Lots of commentary on Bing West’s attack on Nir Rosen today; see especially Ackerman and Abu M.
A couple points of my own:
It’s obviously different in a lot of ways, but if we didn’t have war correspondents embedding in the forces of the enemy, we wouldn’t have History of the Peloponnesian War. Thucydides was an Athenian general before he was a historian. While it’s fair enough to note that Nir Rosen has yet to be exiled for his failure to prevent the seizure of Amphipolis, it’s also true that Thucydides believed that his ability to observe both Spartan and Athenian forces was critical to the History:
It was also my fate to be an exile from my country for twenty years after my command at Amphipolis; and being present with both parties, and more especially with the Peloponnesians by reason of my exile, I had leisure to observe affairs somewhat particularly.
This isn’t terribly surprising; perspective requires knowledge. If History of the Peloponnesian War read as a patriotic account of stalwart Athenians defeating tyrannical Spartans (or vice versa) then no one but classicists would read it today. It’s strength comes from Thucydides ability to observe the motives, behavior, and self-justifications of both sides; his analysis of why the war happened and how it was conducted depends on a degree of empathy with both Athenian and Spartan interests.
Second, this point by West is simply nonsensical:
Rosen described how he and two Taliban fighters deceived the guards at a government checkpoint. Suppose during World War II an American reporter had sneaked through the lines with two German officers wearing civilian clothes. “When we caught enemy combatants out of uniform in the 1940s,” a veteran wrote in The American Heritage, “we sometimes simply executed them.” The Greatest Generation had a direct way of dealing with moral ambiguity.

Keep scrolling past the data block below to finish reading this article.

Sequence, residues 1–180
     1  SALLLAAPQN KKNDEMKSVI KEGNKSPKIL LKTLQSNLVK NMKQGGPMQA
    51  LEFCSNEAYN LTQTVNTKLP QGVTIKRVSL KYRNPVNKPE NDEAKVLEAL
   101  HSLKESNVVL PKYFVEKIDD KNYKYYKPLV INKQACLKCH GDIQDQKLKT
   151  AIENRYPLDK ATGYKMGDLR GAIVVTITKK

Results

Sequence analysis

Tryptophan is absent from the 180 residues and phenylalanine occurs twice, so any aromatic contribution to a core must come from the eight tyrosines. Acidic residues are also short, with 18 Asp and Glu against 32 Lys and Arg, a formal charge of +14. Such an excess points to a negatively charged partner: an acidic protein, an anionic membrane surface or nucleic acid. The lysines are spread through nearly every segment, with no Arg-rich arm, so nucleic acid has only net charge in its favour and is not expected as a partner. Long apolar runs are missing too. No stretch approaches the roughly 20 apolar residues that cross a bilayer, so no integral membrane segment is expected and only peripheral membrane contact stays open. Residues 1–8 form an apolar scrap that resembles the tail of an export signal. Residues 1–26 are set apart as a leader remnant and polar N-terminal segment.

Yeah… and what if a Nazi functionary had allowed an American journalist to visit Auschwitz in early 1942? It’s equally absurd, but as long as we’re making things up let’s consider a scenario that weighs rather heavily in favor of allowing journalists to embed with the enemy. It doesn’t even occur to West that reporting on the enemy doesn’t imply approval of enemy activities; that he compares the behavior of Rosen (a journalist) to Jane Fonda (not a journalist) indicates that he really doesn’t understand what journalism is.
It’s certainly possible to develop scenarios in which the professional identity of “journalist”– to say nothing of “scholar”, “lawyer”, or even “soldier”– runs counter to the other commitments that we have. Such conflicts are part of life, and can’t be wished away. I don’t find Rosen’s behavior, however, even close to troubling; his work opened a window into how the Taliban functions, how its warriors think, and why they’re willing to die for what they believe in. To the extent that West believes that the destruction of the Taliban is a desirable goal, he should be thankful that Rosen has provided this window, and should devote his efforts to using the information as effectively as possible.
Either that, or he can engage in rambling, pointless bluster about how in the old days, we earned our moral clarity by shootin’ folks. Your call, Bing.